Loyalty or resistance to Moscow? A difficult dilemma for Russian Orthodox churches

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Loyalty or resistance to Moscow? A difficult dilemma for Russian Orthodox churches

Russian Orthodox churches are facing a dilemma: should they stay loyal to Kirill, who supports the Russian war, or disconnect from the Moscow Patriarchate?

Religious reasons for the Russian invasion

The Russian Orthodox Church in Moscow plays a prominent role in the Russian war against Ukraine. Patriarch Kirill, spiritual leader of the Russian Orthodox Church, openly supports the invasion of Ukraine. Commentary on the war suggests that he even provides a justification for it. This justification is claimed to be based on a narrative that frames the holy East as opposing the morally depraved West. In this narrative, the invasion represents a kind of ‘holy war’ against the ‘godless’ influences of Western culture.[1] In one of his sermons, Patriarch Kirill refers to Western practices like the acceptance of homosexuality and LGBTQ+ Pride events as reasons for the war against Ukraine. He seems to be claiming that Russian culture needs to be protected from such ‘sinful’ cultural patterns.[2] In this way, Patriarch Kirill can be viewed as justifying the war against Ukraine.

Yet another religious justification for the Russian invasion is the fear of the destruction of the Russian Orthodox Church in Ukraine. In 2018, the Orthodox Church in Ukraine separated from the Moscow Patriarchate to start an independent existence. This schism has been cited by both the Kremlin and Patriarch Kirill as a reason for invading Ukraine.[3]

Loyalty or resistance?

These considerations show that the Russian Orthodox Church in Moscow plays a major part in the war against Ukraine. Because of this, Russian Orthodox churches worldwide are facing a difficult dilemma: should they stay loyal to Patriarch Kirill or disconnect from the Moscow Patriarchate as a sign of resistance to the war?[4]

In March 2022, a Russian Orthodox church in Amsterdam decided to disconnect from the Moscow Patriarchate. The church spoke out against Moscow, expressing disapproval of the war against Ukraine. Despite this being customary, they refused to pray for Patriarch Kirill during their church services because of his supportive attitude towards the war. Eventually, the clergy of the church decided that they were no longer able to stay loyal to the Moscow Patriarchate. They chose to transfer to the Ecumenical Patriarchate of Constantinople.[5]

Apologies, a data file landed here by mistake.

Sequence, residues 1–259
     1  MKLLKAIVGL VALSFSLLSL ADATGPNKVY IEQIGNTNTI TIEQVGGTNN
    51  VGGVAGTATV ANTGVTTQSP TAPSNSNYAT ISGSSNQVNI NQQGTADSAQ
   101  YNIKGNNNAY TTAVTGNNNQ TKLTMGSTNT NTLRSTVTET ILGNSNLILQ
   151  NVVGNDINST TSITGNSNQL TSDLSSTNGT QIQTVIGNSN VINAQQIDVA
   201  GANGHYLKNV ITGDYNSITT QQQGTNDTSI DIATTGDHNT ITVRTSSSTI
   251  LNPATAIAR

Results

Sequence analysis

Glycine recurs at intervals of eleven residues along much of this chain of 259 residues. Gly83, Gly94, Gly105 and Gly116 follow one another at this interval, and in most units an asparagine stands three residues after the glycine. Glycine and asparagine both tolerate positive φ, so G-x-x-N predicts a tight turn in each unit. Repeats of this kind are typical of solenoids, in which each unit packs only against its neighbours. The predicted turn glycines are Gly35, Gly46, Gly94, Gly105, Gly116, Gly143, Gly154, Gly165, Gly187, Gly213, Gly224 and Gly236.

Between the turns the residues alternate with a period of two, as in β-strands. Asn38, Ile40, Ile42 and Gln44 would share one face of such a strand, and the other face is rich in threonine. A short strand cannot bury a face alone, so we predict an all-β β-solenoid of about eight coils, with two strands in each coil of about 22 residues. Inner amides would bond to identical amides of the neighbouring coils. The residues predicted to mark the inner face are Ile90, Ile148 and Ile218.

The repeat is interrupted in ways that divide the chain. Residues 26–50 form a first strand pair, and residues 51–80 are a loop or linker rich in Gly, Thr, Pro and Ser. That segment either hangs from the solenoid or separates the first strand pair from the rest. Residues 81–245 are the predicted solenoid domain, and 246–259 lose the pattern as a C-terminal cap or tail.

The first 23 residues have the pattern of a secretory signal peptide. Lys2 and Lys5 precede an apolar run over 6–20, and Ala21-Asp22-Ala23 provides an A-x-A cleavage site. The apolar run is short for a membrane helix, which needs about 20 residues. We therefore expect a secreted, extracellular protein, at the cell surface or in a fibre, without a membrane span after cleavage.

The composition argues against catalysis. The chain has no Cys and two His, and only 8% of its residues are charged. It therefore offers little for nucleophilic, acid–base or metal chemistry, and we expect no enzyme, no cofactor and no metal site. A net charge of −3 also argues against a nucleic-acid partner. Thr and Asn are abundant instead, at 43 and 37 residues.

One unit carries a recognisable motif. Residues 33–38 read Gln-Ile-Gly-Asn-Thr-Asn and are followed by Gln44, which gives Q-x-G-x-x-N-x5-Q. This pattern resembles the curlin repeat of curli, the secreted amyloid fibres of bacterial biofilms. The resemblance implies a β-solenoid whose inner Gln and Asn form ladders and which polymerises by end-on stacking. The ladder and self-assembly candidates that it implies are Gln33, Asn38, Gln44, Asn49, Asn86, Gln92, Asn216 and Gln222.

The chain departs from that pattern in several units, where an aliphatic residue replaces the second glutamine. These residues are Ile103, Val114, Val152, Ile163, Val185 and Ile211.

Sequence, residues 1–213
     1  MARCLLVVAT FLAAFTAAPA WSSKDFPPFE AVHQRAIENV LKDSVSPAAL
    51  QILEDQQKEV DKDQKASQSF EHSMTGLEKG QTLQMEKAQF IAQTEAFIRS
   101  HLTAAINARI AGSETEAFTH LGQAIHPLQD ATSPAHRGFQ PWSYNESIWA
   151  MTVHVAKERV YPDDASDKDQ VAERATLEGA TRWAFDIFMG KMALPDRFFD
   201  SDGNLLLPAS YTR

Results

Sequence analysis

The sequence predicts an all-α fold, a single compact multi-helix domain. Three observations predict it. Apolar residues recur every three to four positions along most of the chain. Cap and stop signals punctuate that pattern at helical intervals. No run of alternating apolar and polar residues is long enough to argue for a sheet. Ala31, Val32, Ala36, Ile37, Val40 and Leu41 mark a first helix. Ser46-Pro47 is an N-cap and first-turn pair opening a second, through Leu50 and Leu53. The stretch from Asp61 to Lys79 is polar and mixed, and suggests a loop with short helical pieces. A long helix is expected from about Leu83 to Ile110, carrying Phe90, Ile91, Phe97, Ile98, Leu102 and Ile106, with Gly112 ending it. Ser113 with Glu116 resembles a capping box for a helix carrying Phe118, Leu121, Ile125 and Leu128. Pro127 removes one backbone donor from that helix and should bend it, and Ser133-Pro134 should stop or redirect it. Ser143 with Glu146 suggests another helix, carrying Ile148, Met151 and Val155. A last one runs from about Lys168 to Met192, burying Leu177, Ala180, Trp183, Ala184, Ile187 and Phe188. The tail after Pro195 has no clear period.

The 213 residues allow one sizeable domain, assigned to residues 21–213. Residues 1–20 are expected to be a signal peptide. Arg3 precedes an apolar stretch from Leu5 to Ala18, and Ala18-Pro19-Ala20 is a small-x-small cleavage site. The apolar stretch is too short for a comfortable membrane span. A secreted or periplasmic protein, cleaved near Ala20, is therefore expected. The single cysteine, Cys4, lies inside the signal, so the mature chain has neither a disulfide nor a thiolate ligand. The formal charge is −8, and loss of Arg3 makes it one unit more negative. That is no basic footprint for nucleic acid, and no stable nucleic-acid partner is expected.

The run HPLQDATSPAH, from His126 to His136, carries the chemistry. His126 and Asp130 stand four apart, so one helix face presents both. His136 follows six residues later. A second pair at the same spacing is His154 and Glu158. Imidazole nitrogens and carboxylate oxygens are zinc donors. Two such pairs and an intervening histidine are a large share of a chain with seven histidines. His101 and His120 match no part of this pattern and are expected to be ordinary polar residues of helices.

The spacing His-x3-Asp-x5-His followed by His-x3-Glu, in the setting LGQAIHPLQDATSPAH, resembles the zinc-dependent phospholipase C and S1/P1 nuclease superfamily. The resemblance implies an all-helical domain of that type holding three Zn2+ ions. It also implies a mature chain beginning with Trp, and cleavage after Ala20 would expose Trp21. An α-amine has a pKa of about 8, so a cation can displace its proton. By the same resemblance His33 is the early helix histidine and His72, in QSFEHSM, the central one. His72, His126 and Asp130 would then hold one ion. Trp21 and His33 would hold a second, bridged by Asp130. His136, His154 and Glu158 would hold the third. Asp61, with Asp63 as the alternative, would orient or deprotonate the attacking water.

By leaving the Moscow Patriarchate, this Amsterdam church expressed resistance to and disapproval of the Russian invasion. Some other Dutch Russian Orthodox churches, however, responded to the schism of the Amsterdam church with disapproval. They stated that Russian Orthodox churches ought to stay loyal to the Moscow Patriarchate, despite its association with the war against Ukraine. A reason for this conviction is the idea that religion and politics are essentially separate matters. By disconnecting from Moscow, they believe that the Amsterdam church is guilty of mixing up religion and politics.[6]

Religion and politics: separate or intertwined?

The question is whether the idea that religion and politics are separate is plausible in this context. The answer seems to be simple: it is not. In Russia, religion and politics are deeply intertwined. Russian church services are not strictly religious. They typically involve the sanctification of Russian national identity. It can be said, then, that they have a religious-nationalist character. In a way, the Russian Orthodox Church represents the exaltation of Russian national identity to a holy status.[7]

This interlacing of Russian religion and politics is also visible in the reasons given for the Russian invasion of Ukraine: the Russian Orthodox Church employs a religious-nationalist narrative that sanctifies Russian nationalism in order to justify the war. Because of this, the separation of religion and politics is hardly applicable to this context. When it comes to the Russian war against Ukraine, religion and politics are not separate matters. Therefore, the dilemma between loyalty or resistance to Moscow has to be informed by the political situation.

Zonne Dijkstra

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[1] De rol van de kerk in de vuile Russische strijd is ronduit schokkend

[2] Anti-homopreek van patriarch schreeuwt om weerwoord

[3] Kerkvorst Kirill heeft zijn lot aan godgeschenk Poetin verbonden

[4] De geestelijken in de Russisch-Orthodoxe Kerk voelen zich onder druk gezet

[5] Russisch-Orthodoxe geestelijken in Amsterdam verlaten kerk van Moskou

[6] De geestelijken in de Russisch-Orthodoxe kerk voelen zich onder druk gezet

[7] Voert Poetin oorlog vanuit het christendom? ‘In Rusland lopen religie en politiek door elkaar’